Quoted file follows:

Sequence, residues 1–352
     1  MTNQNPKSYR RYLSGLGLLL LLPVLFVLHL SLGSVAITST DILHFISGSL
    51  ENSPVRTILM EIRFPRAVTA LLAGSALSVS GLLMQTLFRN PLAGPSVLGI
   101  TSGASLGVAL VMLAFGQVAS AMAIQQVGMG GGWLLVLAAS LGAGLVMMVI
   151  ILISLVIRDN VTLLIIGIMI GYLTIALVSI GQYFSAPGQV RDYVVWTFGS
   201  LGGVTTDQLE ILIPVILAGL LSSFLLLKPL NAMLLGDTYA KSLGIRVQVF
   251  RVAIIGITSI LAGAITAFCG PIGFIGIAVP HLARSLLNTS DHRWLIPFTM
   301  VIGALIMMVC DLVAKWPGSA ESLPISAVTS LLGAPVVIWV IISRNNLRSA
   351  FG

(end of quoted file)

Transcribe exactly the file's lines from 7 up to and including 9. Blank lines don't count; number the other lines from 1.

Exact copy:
   251  RVAIIGITSI LAGAITAFCG PIGFIGIAVP HLARSLLNTS DHRWLIPFTM
   301  VIGALIMMVC DLVAKWPGSA ESLPISAVTS LLGAPVVIWV IISRNNLRSA
   351  FG